Notes on “Contemplation” from a Lecture with Fr. Laurence Freeman

Fr. Laurence Freeman, OSB

Last night I had the wonderful opportunity to attend a lecture with Fr. Laurence Freeman, OSB, at the Carmelite Monastery of Baltimore in Towson, Maryland. It was sponsored by the Carmelite Sisters of Baltimore, and the Benedictine Sisters of Emmanuel Monastery, as well as The World Community for Christian Meditation, of which Freeman is the director. Freeman is a Catholic priest and Benedictine monk of Turvey Abbey in England, a monastery of the Olivetan Congregation, an international speaker, retreat leader, teacher, and author of many books and articles.

I was also able to meet up with my new friends again, Michael Potter and Jory Pryor. They too have passed through deconstructing phases on their spiritual journeys, coming from very different religious traditions, and are deeply interested in mysticism, science, and an interspiritual approach to faith. I am so grateful for these two people, for their insight, their enthusiasm (literally en-theos, “possessed by God”), their humility, their sincere seeking, their goodness, and their friendship.

From left to right: Bryce Haymond (me), Michael Potter, Laurence Freeman, and Jory Pryor.

Fr. Freeman’s talk was on “The Doors of Perception,” and he focused almost exclusively on discussion about contemplation, and the kind of meditation that leads to contemplation, specifically in the Christian tradition. We also spent about twenty minutes meditating with him in the contemplative prayer tradition. I will share some notes I took from his lecture.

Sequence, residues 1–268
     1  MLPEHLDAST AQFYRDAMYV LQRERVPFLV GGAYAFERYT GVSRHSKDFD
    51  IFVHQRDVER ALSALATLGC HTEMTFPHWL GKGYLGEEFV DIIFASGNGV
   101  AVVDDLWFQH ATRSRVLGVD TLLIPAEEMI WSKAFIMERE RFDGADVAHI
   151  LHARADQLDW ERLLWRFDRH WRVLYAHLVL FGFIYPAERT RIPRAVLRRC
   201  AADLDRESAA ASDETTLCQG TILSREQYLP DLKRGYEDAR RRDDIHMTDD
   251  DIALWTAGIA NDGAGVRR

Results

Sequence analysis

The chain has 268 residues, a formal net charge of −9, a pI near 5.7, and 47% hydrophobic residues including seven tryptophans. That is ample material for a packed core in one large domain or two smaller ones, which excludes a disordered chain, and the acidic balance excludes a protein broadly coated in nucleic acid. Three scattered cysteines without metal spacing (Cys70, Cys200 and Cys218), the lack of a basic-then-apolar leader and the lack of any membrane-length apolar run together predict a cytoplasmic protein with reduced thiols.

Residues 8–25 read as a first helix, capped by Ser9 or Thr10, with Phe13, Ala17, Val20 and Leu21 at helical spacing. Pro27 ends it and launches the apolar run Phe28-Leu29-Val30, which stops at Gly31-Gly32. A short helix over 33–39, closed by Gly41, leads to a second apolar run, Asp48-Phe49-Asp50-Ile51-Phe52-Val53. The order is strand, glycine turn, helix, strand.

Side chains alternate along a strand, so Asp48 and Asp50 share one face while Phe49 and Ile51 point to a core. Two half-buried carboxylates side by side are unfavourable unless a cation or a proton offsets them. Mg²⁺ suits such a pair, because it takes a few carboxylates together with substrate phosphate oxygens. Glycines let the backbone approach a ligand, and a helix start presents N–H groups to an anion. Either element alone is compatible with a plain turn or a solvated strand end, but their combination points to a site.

We can make our minds
so like still water
that beings gather about us
that they may see,
it may be, their own images,
and live for a moment with a clearer,
perhaps even with a fiercer life
because of our quiet,
our silence.

(William Butler Yeats, 1902)

Contemplation is the experience of the present.

I sat, a solitary man,
In a crowded London shop,
An open book and empty cup
On the marble table-top.
While on the shop and street I gazed
My body of a sudden blazed;
And twenty minutes more or less
It seemed, so great my happiness,
That I was blessed and could bless.

(William Butler Yeats, 1933)

Contemplation is a way of seeing.

St. Thomas Aquinas said that contemplation is “the simple enjoyment of the truth,” childlike simplicity.

Freeman in a childlike headlock with the Dalai Lama. 🙂

Meditation becomes a priority in our lives when we see that it is a priority, not think that it is.

We never lose contemplation (after passing out of childhood), we just recover it.

St. Augustine said, “Our whole business therefore in this life is to restore to health the eye of the heart whereby God may be seen.”

John Main – “In meditation we accept the gift of our being.”

William Blake – “If the doors of perception were cleansed every thing would appear to man as it is, Infinite.”

St. Irenaeus – “We can never know God as an object but only by sharing in God’s own self-knowledge.”

Meister Eckhart – “There is nothing so much like God in all the universe as silence.”

Silence is that experience that is most like God.